No, that wasn't a typo.
Manning was recently quoted for saying that he wants to create an "uncomfortable atmosphere" in Denver; something that will prevent the team from becoming complacent and losing sight of their own self-imposed championship standards.
"I know that John Elway wants to sort of set a kind of an attitude and an edge around here — kind of an uncomfortable atmosphere around here which is something I believe in," Manning said on the first day of voluntary workouts. "Last year was good, but it wasn't great. We're looking for that great season and to finish off with a championship season. We have so much work that we have to do."
If you take a step back for a moment, you'll realize that the Broncos' "Super Bowl standard" is a bit lofty.
In 2012, Manning inherited a team sporting the 24th ranked scoring defense the previous season.
In 2013, Manning was backed by a running game that ranked 23rd in efficiency (yards per-carry).
The support is seemingly there if you look to Denver's 13-4 record last season; but that doesn't change the reality of Manning's actual level of team support.
The same Indianapolis Colts team that started off 0-13 without Manning in 2011 was essentially the same team that sported a 16-0 record (in games Manning finished) before losing to a cheating New Orleans Saints' organization in Super Bowl XLIV.
The point: Manning is all too used to making poor-to-average teams look elite.
So long as he continues to regularly produce at an All-Pro level, the rosters he plays with will continue to be excused for their inadequacies.
Just ask Joseph Addai.
The Broncos handle their business differently than the Colts though.
The above-average (yet far from 'great') roster that fell short in 2012 has been bolstered up with the additions of Wes Welker, Dominique Rogers-Cromartie and Louis Vazquez.
When you pair the aforementioned with the greatest quarterback to ever play the game, it's realistic to have high expectations.
But what will happen if the Broncos actually accomplish their championship goal?
Heading into his 16th NFL season after having already accomplished more as an individual than any player in NFL history, there's not much left for Manning to achieve.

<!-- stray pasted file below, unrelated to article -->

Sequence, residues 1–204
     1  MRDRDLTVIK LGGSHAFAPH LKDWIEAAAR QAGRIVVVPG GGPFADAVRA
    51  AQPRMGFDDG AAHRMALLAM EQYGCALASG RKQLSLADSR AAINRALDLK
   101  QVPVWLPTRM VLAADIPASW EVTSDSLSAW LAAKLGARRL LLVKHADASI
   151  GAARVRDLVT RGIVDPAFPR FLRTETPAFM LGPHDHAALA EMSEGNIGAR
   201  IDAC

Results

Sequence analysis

No quarterback since the merger has ever managed to win a Super Bowl with two different organizations.
But then again, no other quarterback has ever won 124 games in a single decade (with a dysfunctional, below-average team no less), no other quarterback has ever been selected to 12 Pro Bowls, no other quarterback has ever been named First-Team All-Pro six times and no other quarterback has ever won four league MVP awards.
Only the ending to the 2013 NFL season has the potential to be so ideal, it may end up harming the Denver Broncos' organization.
Unfortunately, Manning appears to care so much about his legacy that he will continue to strive to satisfy the nonsensical standards of the intellectually inept masses who demand his winning a second championship.
We're talking about the same Manning who spent years playing with nerve problems stemming from his neck injury—the same Manning who played with a bulging disk in his neck during his last active season with the Colts.
He could continue to individually put the greatest résumé in NFL history even further ahead of he who holds the distant second-place distinction, but I feel that Manning is more concerned with satisfying "championship standards" than continuing to illustrate why he's the best individual to ever play the game.
If winning that second Super Bowl motivates Manning to retire after 16 years in the NFL, he will leave the Broncos organization without an Andrew Luck to inherit the mantle.
At least the Colts' caliber sans Manning was atrocious enough to yield them the best draft prospect in 30 years.
The Broncos may be less impressive than you'd think without Manning, but they're nowhere near the embarrassing caliber of Manning's former organization.
Without a "once in a generation" prospect coming up in the 2014 NFL draft and without a No. 1 selection left behind to help build an organization up with, any potential departure of Manning would leave the Broncos in a vulnerable position.
The question is: If winning a Super Bowl means that 2013 will be Manning's final season, might it actually be a bad thing for the Broncos to win the Super Bowl this year?
Ryan Michael is a Senior Writer for Bleacher Report and Featured Writer for www.blindsidefootball.com.
Any questions, comments or professional inquiries can be directed to his email at: firstname.lastname@example.org.
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